Hunter Biden sold $1.3M in art — and one buyer was a Dem donor ‘friend’ Joe appointed to a prestigious commission: report

WASHINGTON — First son Hunter Biden's novice artwork has raked in at least $1.3 million — with buyers including a Democratic donor "friend'' who his dad named to a prestigious commission, a report said Monday.

Elizabeth Hirsh Naftali, a Los Angeles real-estate investor and philanthropist, bought one of Hunter's works, according to Business Insider, which cited sales records kept by his art dealer, the Georges Bergès Gallery of Manhattan.

Naftali was appointed by President Biden to the Commission for the Preservation of America's Heritage Abroad in July 2022 — about eight months after Hunter's first art show, which took place in Hollywood.

It is unclear when Naftali bought her Hunter artwork or how much she paid for it.

A Biden administration official told the publication that Naftali was recommended for her preservation-board post by former House Speaker Nancy Pelosi (D-Calif.) and that she didn't buy the position through the art deal.

Meanwhile, Business Insider said the largest chunk of Hunter's art sales so far have gone to a deep-pocketed single mystery buyer — who scooped up 11 artworks for a total of $875,000.

The outlet reported that one of Hunter's art buyers is his "sugar brother" Kevin Morris, a wealth lawyer who reportedly lent him about $2 million to pay off back taxes.

It wasn't known whether Morris was the top buyer. Insider's report was the most detailed to date on the first son's art sales. 

Bergès has refused to cooperate with House Oversight Committee requests for the names of art buyers.

The Post previously reported that Hunter sold five prints for $75,000 each at his Hollywood art show and totaling $375,000.

The showing drew ethics concerns over the fact that President Biden's embattled nominee for US ambassador to India, Eric Garcetti, attended the show. 

Garcetti ultimately was confirmed by the Senate in March after the White House stood by him for almost two years, including during criticism from fellow Democrats about his handling of sexual harassment claims against an aide while he was Los Angeles mayor.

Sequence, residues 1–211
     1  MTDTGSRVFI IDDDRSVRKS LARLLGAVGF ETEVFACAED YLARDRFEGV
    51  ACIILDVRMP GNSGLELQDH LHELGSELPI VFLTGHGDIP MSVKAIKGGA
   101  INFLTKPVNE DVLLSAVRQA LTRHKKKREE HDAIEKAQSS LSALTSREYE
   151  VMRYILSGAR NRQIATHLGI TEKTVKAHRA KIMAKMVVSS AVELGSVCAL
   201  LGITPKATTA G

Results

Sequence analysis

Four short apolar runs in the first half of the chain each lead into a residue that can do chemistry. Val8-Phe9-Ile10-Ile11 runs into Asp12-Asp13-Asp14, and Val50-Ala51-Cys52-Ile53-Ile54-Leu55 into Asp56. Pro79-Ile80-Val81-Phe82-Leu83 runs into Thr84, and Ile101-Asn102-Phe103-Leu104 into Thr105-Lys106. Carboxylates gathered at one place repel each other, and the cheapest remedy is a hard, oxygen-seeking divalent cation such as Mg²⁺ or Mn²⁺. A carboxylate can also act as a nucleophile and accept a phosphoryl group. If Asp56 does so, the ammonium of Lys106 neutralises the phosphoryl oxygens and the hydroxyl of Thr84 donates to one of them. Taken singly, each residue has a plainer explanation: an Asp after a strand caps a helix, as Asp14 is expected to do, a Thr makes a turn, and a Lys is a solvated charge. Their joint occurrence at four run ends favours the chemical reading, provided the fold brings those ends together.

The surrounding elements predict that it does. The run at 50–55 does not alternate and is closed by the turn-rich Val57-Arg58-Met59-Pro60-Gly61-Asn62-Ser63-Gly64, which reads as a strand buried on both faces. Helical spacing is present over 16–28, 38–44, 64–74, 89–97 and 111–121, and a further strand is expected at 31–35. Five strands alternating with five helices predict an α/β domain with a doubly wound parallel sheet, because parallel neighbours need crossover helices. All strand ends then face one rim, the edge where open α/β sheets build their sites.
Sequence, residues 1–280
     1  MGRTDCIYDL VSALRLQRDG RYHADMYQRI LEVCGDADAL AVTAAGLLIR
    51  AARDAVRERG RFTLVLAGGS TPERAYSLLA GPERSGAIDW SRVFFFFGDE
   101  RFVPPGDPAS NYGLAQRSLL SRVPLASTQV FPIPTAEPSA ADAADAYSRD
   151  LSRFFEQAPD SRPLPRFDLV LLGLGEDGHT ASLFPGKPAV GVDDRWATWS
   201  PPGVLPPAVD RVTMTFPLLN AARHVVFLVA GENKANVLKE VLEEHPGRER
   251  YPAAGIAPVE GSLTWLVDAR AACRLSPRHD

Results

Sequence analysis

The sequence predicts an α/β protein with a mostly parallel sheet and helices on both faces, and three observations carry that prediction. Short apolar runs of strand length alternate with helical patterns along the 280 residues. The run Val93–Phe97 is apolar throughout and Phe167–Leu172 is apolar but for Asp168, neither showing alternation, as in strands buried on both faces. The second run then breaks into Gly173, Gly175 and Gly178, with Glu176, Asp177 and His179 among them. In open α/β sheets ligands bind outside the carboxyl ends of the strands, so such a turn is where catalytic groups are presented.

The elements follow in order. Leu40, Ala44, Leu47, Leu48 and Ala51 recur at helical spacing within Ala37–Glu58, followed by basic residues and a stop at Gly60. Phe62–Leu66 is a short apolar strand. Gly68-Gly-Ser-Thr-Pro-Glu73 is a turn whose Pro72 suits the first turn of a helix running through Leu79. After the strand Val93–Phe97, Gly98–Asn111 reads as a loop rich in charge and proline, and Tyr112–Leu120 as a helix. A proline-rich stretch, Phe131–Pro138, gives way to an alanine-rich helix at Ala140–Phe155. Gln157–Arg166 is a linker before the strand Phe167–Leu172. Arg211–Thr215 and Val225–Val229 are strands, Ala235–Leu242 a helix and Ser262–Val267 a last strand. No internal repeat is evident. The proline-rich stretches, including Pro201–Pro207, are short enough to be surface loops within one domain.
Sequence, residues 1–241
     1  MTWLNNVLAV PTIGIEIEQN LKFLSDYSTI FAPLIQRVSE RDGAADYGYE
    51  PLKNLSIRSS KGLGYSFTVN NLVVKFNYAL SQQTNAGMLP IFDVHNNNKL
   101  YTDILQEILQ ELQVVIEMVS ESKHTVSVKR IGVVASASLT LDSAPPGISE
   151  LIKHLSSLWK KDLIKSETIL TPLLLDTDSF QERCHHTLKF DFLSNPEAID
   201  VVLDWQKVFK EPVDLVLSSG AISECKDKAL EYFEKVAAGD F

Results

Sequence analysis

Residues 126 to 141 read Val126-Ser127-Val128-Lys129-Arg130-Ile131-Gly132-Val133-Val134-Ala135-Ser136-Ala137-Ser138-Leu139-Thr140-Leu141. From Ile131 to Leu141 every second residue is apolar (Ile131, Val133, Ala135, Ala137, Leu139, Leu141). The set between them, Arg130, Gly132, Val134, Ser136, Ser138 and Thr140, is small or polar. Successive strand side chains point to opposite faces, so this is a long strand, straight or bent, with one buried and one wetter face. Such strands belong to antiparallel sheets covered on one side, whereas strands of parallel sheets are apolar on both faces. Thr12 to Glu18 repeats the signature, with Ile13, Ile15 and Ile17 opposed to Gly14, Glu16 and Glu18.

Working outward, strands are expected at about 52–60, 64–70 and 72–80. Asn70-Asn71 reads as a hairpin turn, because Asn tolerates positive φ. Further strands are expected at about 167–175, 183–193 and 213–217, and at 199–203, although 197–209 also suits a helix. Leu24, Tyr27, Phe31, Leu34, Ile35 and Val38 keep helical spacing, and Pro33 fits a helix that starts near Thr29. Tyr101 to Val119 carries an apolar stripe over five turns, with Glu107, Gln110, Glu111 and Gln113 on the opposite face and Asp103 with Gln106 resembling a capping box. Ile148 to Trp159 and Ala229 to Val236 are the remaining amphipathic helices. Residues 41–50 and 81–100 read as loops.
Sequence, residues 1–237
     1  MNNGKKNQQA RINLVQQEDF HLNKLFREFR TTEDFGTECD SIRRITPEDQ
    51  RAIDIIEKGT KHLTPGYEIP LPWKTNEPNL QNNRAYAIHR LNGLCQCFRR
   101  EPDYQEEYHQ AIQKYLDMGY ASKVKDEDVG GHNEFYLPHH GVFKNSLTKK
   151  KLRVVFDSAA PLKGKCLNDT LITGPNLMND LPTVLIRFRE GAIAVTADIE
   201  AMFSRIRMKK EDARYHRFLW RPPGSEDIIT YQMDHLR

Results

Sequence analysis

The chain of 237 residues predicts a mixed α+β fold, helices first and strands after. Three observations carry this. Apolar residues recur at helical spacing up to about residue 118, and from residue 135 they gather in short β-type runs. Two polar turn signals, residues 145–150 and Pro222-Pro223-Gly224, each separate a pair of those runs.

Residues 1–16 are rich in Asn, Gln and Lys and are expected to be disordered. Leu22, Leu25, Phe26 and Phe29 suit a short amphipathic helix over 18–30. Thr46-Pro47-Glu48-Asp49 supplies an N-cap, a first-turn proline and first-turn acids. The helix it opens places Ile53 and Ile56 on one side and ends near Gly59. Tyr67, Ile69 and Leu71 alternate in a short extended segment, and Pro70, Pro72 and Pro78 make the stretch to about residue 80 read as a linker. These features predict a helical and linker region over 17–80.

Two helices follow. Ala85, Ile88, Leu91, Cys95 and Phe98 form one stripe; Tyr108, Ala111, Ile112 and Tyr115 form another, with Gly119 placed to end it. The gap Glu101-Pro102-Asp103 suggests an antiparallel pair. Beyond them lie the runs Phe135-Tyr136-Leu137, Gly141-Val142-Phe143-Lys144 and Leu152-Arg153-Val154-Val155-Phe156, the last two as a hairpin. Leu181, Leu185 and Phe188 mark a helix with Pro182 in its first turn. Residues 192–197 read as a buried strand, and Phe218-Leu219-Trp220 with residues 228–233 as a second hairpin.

House Republicans are investigating Hunter Biden's prior business dealings with international business associates from countries such as China and Ukraine, where his father held sway as vice president, and have expressed concern about Hunter's art career being a possible new avenue for influence-peddling and money laundering.

There is evidence that Joe Biden met with Hunter's associates from China, Mexico, Kazakhstan, Russia and Ukraine during his vice presidency and in the years before he entered the White House.

The White House said in 2021 that Hunter Biden's art sales would be "anonymous" — in theory to prevent corruption.

Then-White House Press secretary Jen Psaki said at the time, "We still do not know and will not know who purchases any paintings."

Ethics experts scoffed at the purported anonymity of Hunter's art buyers.

Richard Painter, who was President George W. Bush's chief ethics lawyer, said, "Buyers buy artwork to hang on the wall, not put in a closet," making anonymity essentially impossible to maintain.

The White House and Hunter Biden's legal team did not immediately respond to requests for comment from The Post on Monday.

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